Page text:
Then: "This is close to the neck here. No doubt. The skull is somewhere around here. Got to be."
Then: "C'mon, baby. What's going on here?"
JUNE 28, 1983, MORNING: Frank Garcia is restless. He jumps in his truck and rushes to the offices outside the Leisey Shell Pit and gets the attention of Eric Hunter, the manager.
On a previous visit to the site, Frank found garfish scales and horse and llama teeth in a yellow limerock layer. He suspects there are more to be unearthed. He can't stop thinking about it.
Hunter tells him the crane operator recently discovered a new pile of fossils.
Garcia darts to the site. He jumps into a pit and stares at the wall as the rain pours and lightning flashes.
JAN. 4, 1984: A news conference is called at the Museum of Science and Industry in Tampa. A young amateur fossil collector named Frank Garcia talks about his find.
A few months later, the New York Times' Walter Sullivan writes: "What is believed to be the richest deposit of early Ice Age fossils ever found in North America has been partly uncovered in a quarry near Apollo Beach, Fla. It is expected that the deposit will ultimately yield as many as 60 species."
Garcia works 117 days straight. The yield grows to be 140 species from the Lower Pleistocene era, about 1.5-million years ago, more than a dozen of them new to science.
Garcia's name appears in newspaper stories. They tell how a kid who flunked the first grade made one of the nation's biggest fossil finds.
The man who wanted to prove to his father that he wasn't stupid appears on the Today show with Bryant Gumbel. The man who will fail at marriage five times is named Hillsborough County's Favorite Son.
And he likes it. The notoriety, the discovery, the approval: "Being the first one to see something that has never been seen before, " he says, "it's a power trip."
Power, from bones.
He gains fans who say he's the best of the best.
He gains critics who say he's all about himself.
He self-publishes a biography and donates skeletons to universities and lectures at elementary schools and starts a fossil club and opens a museum called the Paleo Preserve near the Leisey site.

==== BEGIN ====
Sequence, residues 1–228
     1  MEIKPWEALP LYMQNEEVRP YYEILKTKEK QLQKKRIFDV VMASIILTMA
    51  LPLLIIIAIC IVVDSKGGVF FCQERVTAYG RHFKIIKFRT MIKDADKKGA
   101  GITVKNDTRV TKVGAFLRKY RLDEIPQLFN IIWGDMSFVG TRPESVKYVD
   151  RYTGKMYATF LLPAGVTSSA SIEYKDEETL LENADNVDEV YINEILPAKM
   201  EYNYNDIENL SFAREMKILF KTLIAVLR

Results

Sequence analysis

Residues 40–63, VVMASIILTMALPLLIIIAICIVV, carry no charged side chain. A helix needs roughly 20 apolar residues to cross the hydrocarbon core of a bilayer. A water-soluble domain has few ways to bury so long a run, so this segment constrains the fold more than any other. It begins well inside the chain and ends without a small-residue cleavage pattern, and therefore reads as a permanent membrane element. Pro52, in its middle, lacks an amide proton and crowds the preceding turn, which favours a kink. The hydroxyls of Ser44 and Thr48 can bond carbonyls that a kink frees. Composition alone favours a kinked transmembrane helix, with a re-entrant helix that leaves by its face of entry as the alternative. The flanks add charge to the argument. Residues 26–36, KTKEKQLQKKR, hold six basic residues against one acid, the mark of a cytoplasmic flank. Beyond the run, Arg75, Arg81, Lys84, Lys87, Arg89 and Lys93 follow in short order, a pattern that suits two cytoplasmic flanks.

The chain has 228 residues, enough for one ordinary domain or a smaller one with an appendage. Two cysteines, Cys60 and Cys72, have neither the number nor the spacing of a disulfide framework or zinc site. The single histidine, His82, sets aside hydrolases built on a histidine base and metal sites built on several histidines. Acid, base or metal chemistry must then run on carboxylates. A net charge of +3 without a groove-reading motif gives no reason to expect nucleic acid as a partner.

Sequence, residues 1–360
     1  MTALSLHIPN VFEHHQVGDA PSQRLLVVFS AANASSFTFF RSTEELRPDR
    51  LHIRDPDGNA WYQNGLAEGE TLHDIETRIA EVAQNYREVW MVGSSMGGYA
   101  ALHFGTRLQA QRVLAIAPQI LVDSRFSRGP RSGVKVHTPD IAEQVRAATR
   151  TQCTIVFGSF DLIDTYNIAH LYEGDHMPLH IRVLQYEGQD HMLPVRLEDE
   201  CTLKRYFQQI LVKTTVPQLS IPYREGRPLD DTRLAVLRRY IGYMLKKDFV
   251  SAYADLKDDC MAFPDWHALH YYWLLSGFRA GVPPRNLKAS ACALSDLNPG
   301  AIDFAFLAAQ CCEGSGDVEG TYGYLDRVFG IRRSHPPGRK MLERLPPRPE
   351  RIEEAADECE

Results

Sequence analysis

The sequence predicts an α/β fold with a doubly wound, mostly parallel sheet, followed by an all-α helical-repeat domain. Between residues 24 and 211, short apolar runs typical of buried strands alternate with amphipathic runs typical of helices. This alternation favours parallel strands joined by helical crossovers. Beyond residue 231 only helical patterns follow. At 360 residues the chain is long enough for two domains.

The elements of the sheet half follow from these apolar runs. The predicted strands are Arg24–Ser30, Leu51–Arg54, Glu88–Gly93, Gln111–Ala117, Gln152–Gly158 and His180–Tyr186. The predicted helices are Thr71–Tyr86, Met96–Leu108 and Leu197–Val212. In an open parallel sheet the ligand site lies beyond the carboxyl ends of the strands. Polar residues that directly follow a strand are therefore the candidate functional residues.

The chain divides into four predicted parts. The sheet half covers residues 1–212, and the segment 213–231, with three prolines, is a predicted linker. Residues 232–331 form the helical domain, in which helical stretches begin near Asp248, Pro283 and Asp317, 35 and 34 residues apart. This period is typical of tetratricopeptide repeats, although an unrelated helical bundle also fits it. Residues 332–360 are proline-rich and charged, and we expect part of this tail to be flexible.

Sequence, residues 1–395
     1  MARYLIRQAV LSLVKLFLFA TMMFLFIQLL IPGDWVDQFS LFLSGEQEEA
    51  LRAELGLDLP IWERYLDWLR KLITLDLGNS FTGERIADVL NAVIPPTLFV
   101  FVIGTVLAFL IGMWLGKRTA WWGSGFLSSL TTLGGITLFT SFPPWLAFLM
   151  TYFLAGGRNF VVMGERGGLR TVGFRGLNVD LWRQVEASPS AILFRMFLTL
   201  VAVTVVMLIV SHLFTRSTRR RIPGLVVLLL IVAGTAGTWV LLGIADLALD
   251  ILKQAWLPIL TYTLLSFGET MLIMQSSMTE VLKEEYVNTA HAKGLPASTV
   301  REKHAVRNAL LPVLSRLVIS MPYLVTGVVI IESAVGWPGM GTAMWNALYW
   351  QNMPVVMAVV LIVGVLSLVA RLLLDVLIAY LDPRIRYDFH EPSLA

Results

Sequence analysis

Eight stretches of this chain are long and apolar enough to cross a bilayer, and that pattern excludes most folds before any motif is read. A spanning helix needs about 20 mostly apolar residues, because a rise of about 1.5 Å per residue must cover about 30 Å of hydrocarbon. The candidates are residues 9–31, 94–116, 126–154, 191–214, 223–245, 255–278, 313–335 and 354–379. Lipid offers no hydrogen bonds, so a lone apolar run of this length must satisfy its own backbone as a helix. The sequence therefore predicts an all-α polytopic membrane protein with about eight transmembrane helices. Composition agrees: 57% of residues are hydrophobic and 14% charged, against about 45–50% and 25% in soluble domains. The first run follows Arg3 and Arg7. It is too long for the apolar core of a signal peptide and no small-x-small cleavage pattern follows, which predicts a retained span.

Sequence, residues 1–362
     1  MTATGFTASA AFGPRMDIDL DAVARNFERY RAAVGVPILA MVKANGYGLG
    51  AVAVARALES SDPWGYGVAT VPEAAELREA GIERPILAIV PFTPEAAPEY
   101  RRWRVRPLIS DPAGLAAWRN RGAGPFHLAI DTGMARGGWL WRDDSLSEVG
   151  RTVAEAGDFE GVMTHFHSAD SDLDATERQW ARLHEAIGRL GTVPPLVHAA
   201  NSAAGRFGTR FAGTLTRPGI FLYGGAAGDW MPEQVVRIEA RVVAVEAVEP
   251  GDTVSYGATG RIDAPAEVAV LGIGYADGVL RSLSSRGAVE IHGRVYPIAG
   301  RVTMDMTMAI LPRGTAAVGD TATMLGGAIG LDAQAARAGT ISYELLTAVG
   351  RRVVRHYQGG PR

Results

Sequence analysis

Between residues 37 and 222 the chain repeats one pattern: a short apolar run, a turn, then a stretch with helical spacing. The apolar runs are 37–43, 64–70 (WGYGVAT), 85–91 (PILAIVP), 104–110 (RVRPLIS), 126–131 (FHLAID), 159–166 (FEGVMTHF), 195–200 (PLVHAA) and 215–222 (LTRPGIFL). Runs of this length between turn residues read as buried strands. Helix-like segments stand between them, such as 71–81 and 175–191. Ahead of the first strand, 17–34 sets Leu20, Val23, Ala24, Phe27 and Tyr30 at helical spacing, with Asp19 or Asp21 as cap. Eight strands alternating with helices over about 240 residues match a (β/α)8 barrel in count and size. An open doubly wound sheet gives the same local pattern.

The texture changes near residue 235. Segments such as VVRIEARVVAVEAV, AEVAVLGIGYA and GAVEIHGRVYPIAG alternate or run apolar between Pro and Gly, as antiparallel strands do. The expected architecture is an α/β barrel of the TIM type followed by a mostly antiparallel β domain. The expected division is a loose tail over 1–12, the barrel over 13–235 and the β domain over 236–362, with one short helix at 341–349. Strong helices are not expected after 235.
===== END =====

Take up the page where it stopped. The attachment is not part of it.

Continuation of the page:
And he returns time and again to the pit that made him, in search of more.
APRIL 22, 2007, 11:42 A.M.: The volunteers are growing weary.
"I feel like Captain Ahab, " Frank says. "I'd do anything to find that whale."
Garcia is 60 now, and his own spine is held together by rods and screws. He wears a back brace when he digs.
"This is it, " he says. "This is coming to an end."
The fossil hunters have a month left in this pit, maybe two. The richest archaeological site in Florida is to become a protected nature preserve off-limits to digging.
The question that remains, then, is this: What becomes of a man whose life is tethered to a piece of land when he is cut from that land?
He knows he's changed since this all began.
Later, asked to explain, he would take a walk in the woods and then write his thoughts down and call back to say he has "more confidence" now and he's glad he got the chance to "stand on the world stage for a brief moment" and add "a new chapter in the history of life" and that "every day to me is a celebration" and that he's often reminded that "time on earth is quickly counting down."
For now, though, 24 years of digging at this site has come down to the fast-paced search for the skull of a 100, 000-year-old whale, to one more skeleton, to a man standing proud and sad on a Sunday morning inside a hole in the earth as the sun beats down on his bones.
Ben Montgomery can be reached at firstname.lastname@example.org or 813 661-2443.
[Last modified May 3, 2007, 08:42:00]